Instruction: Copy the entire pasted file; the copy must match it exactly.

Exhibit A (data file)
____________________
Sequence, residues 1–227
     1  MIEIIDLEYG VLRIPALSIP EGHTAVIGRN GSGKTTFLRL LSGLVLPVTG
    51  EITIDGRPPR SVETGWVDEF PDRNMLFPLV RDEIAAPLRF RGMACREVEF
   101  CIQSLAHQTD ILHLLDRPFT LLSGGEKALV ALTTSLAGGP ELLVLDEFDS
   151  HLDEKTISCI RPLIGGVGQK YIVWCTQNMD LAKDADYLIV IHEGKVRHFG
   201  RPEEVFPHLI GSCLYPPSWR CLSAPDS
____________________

Sequence, residues 1–227
     1  MIEIIDLEYG VLRIPALSIP EGHTAVIGRN GSGKTTFLRL LSGLVLPVTG
    51  EITIDGRPPR SVETGWVDEF PDRNMLFPLV RDEIAAPLRF RGMACREVEF
   101  CIQSLAHQTD ILHLLDRPFT LLSGGEKALV ALTTSLAGGP ELLVLDEFDS
   151  HLDEKTISCI RPLIGGVGQK YIVWCTQNMD LAKDADYLIV IHEGKVRHFG
   201  RPEEVFPHLI GSCLYPPSWR CLSAPDS